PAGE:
THE AUSTRALIAN:

Page 1: Julia Gillard has stared down business demands for changes to the Fair Work regime, describing industrial relations reform as just one way of boosting productivity and insisting Labor’s carbon tax and National Broadband Network would be equally useful in delivering efficiency gains.

Taxpayers will have to face higher rates of GST to help repair the nation’s finances as the population ages, the head of the government’s tax review warned amid new doubts over projections for Labor’s mining tax.

Page 3: The resource boom has catapulted obscure West Australian mining towns to the top of Australia’s rich list.

Page 4: Employers and the company at the centre of a union blockade at a Coles warehouse have welcomed a 48-hour court order prohibiting striking workers from blocking delivery trucks and employees from entering and leaving the site.

Page 6: The $34 billion James Price Point gas precinct was given the green light yesterday by West Australian Environmental Protection Authority chairman Paul Vogel after all other members of his panel had disqualified themselves.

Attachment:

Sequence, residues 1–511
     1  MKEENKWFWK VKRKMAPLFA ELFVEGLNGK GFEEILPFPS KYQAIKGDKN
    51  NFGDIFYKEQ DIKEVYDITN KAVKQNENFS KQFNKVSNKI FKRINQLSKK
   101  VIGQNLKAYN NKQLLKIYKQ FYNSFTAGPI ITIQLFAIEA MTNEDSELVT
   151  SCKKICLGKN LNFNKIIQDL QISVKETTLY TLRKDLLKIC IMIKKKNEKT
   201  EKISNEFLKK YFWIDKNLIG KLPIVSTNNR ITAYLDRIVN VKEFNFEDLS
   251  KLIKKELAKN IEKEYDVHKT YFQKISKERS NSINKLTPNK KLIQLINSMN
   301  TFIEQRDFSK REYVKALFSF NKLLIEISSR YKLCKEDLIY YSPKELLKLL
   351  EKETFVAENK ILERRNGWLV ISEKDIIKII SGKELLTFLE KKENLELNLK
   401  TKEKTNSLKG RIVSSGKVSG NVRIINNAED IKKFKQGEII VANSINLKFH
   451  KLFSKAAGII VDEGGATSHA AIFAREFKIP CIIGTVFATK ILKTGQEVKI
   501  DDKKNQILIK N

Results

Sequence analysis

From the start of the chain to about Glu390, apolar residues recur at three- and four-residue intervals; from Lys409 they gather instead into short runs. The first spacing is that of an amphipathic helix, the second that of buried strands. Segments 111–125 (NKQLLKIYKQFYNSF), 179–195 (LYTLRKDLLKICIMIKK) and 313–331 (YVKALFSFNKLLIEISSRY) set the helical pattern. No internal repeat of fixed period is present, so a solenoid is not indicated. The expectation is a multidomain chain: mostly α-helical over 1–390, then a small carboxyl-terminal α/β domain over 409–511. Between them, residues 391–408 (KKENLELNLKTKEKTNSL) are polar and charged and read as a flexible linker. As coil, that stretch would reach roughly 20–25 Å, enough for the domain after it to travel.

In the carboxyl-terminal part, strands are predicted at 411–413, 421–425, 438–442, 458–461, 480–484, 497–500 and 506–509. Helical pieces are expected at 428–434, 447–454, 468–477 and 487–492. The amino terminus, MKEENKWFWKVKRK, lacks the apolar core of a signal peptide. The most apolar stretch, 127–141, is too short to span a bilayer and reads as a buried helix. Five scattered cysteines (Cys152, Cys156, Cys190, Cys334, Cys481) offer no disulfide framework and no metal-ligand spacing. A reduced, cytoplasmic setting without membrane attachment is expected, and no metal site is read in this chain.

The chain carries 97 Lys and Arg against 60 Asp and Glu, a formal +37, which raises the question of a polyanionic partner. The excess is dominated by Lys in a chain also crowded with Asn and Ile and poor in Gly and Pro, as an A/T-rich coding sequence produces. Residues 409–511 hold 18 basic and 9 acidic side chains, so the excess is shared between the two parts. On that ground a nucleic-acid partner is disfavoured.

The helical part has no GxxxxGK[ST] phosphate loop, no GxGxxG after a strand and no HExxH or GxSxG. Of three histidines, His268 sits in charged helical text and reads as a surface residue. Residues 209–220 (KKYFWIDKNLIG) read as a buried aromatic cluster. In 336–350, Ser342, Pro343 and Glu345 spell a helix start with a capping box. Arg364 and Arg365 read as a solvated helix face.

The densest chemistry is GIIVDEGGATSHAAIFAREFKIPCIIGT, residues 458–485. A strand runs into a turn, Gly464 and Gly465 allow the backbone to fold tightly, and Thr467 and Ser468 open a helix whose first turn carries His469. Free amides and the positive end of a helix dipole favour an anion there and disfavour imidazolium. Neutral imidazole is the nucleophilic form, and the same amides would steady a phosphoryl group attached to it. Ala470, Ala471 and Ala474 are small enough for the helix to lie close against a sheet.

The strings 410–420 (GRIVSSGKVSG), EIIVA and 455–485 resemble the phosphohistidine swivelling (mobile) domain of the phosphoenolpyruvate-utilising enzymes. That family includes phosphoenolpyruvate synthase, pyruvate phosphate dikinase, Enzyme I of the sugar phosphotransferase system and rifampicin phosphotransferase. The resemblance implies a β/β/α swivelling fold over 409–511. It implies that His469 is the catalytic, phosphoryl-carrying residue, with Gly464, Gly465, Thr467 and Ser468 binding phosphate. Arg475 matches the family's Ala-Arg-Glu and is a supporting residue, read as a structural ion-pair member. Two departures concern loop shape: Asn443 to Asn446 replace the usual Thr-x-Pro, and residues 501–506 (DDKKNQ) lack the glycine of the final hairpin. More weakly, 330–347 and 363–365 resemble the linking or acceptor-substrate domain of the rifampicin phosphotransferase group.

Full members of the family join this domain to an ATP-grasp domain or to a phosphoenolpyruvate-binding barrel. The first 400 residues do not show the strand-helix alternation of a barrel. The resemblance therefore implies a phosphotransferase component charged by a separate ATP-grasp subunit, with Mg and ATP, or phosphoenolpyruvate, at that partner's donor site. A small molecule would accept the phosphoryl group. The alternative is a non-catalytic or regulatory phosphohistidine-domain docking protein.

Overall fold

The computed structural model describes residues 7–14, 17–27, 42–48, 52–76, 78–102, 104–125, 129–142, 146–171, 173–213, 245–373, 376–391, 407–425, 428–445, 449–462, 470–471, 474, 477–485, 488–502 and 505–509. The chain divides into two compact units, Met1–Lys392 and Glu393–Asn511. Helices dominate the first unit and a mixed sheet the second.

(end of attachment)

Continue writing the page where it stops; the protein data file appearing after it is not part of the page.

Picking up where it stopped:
Indigenous leader and Gillard government adviser Peter Yu has warned that mining is not the ‘‘panacea’’ that will deliver remote and regional indigenous Australians economic independence and that a new focus must be placed on agriculture, carbon farming and environmental services businesses.

Page 8: Julia Gillard yesterday attacked West Australian Premier Colin Barnett over the carbon tax, accusing him of hoodwinking the public on electricity prices as she called for state and federal rate hikes to be detailed on power bills.

Business: The head of Citic Pacific's $7 billion Chinese mining project in the Pilbara says Australia has a golden opportunity to meet China’s soaring demand for high-quality food and he would prefer to invest in agriculture rather than iron ore, given the risk of falling prices for the steelmaking ingredient.

Seven West Media shareholders have endorsed a longawaited capital raising that will net $440 million to reduce the company’s debt burden.

Business leaders have welcomed the move to allow the Australian dollar to directly convert to the Chinese yuan.

Rio Tinto and BHP Billiton are set to report healthy quarterly production figures today and tomorrow, including in their highmargin iron ore businesses, but this is unlikely to buoy shareholders who have been hit hard by falling commodities prices and an uncertain outlook.